A Genius Marketing Idea: Books for Dummies
The familiar yellow-and-black Dummies book series may be geared for dummies, but a Milwaukee, Wisconsin patent lawyer who's written five Dummies books, is anything but. This article, Patent attorney helps inventors and entrepreneurs protect their ideas, Greater Milwaukee (10/25/07) profiles attorney Jill Gilbert Welytok, an attorney and CPA whose childhood experience working for her dad's mail order business inspired her interest in patent law. Welytok's dad originally came up with the idea of attaching a fake fish to a wood plaque which would flop in response to nearby motion. But because he never patented the idea, competitors began producing the product as well. After law school, Welyok took a CPA exam (she'd helped with the books in her father's business as well). She worked as a tax attorney for a large firm for a while, but decided to sit for the patent bar so she could help small businesses protect their ideas. When Welyok's three children were born, she took time off from law practice and started to write Dummies books, five in total, on topics including "Nonprofit Law and Governance for Dummies" and "Sarbanes-Oxley for Dummies" (a surprising hit, albeit one that sounds like an oxymoron to me). Thereafter, Welytok opened her own firm, Absolute Technology which represents inventors and entrepreneurs.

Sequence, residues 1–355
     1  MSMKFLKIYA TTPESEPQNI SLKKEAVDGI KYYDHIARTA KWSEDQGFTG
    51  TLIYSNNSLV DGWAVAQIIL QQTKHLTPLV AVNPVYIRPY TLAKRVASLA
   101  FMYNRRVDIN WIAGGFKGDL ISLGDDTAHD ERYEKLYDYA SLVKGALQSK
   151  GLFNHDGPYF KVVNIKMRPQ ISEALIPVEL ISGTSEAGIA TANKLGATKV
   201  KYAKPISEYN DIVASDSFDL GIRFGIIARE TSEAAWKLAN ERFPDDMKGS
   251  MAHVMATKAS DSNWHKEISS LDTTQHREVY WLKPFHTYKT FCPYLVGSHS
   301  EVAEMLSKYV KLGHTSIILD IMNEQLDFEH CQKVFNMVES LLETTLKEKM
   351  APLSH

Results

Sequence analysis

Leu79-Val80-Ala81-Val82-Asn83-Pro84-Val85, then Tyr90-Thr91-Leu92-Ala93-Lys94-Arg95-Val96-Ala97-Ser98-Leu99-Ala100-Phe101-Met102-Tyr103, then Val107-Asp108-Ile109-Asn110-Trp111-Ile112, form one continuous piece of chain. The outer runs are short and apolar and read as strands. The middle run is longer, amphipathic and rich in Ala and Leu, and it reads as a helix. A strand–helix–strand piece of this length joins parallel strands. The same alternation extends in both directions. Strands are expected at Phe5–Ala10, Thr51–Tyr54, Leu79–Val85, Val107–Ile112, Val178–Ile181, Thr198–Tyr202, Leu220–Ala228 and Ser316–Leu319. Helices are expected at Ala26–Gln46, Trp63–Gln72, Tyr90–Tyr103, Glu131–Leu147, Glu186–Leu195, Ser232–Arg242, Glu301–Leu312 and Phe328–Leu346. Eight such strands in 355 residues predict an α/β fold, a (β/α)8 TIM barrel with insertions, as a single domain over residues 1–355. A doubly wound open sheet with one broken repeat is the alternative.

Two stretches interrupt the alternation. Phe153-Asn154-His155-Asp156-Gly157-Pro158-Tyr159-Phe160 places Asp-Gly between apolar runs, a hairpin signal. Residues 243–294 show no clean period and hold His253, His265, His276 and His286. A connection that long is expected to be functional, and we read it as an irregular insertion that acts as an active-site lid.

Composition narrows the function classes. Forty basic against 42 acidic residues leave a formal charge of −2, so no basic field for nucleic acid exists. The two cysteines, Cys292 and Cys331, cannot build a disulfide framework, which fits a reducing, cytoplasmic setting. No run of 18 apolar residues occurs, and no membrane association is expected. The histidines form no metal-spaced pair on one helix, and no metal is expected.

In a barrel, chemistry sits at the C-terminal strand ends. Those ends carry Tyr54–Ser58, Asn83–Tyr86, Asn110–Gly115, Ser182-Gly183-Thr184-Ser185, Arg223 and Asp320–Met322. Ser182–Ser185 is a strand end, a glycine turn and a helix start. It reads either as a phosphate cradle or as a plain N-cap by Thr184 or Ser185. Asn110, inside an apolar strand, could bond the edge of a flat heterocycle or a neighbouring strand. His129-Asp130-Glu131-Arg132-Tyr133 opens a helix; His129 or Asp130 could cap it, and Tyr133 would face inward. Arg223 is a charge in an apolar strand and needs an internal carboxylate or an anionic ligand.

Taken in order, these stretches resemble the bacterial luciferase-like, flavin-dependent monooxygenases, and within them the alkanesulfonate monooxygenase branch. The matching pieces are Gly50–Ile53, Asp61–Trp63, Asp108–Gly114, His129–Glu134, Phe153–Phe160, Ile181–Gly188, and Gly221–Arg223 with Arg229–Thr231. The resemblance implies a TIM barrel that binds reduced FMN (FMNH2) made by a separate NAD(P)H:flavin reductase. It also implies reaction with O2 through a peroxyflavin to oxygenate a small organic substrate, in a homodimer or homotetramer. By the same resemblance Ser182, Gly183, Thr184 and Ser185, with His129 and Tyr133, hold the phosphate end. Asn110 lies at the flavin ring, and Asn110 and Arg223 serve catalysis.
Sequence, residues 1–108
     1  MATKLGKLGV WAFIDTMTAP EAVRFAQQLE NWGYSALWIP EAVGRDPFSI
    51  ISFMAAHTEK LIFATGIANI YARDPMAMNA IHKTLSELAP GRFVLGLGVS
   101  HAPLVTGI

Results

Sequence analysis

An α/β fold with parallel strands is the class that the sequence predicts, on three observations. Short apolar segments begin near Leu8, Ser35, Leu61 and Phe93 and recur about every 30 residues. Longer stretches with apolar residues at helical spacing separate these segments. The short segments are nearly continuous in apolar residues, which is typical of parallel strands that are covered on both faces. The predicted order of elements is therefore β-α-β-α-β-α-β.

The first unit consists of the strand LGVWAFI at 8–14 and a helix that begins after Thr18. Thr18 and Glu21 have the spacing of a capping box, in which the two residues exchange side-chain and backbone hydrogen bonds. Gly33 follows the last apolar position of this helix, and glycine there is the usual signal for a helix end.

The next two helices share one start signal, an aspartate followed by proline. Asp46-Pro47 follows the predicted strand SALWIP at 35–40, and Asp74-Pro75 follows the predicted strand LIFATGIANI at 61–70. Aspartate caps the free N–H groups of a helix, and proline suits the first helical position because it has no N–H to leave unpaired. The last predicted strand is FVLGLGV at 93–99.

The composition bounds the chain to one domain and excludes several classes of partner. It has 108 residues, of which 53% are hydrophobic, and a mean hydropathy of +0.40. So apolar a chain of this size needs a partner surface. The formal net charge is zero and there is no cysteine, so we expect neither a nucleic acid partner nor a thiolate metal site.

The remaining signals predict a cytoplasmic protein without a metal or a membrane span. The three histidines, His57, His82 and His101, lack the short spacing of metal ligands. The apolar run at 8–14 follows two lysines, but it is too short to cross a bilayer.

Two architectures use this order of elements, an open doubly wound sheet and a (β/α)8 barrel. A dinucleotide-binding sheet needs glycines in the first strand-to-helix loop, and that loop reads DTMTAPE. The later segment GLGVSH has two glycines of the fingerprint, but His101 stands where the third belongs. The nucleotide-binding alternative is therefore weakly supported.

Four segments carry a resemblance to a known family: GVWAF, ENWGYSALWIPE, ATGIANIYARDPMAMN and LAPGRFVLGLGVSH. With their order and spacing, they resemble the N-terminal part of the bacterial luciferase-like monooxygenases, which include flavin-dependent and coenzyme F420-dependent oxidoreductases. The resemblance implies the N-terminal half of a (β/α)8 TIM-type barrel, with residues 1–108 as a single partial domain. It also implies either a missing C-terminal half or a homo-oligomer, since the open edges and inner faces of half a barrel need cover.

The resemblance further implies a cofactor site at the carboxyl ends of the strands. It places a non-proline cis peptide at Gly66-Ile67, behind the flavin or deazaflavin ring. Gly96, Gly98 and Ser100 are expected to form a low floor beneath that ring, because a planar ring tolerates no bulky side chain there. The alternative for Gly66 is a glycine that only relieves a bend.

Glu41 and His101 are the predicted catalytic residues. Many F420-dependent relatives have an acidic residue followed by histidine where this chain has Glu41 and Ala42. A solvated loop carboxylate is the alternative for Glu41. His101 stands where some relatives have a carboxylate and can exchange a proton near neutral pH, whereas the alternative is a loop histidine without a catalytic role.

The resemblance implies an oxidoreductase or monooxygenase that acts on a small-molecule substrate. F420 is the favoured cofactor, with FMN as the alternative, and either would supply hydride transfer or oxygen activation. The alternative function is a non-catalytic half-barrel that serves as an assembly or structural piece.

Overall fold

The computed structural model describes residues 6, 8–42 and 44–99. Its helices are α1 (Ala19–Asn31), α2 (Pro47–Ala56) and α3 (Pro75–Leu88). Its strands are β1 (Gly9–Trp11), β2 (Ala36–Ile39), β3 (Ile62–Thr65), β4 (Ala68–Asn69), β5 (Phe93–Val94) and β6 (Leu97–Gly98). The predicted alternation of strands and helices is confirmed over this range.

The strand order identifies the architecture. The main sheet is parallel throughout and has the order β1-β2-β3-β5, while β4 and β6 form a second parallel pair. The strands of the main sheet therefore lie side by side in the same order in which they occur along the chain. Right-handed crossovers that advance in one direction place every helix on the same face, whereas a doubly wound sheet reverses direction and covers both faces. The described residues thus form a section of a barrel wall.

The lesson of Welytok's story is clear: writing a few Dummies books may turn out to be a really smart idea to advance your career and build your practice.
Posted by Carolyn Elefant on October 25, 2007 at 03:48 PM | Permalink
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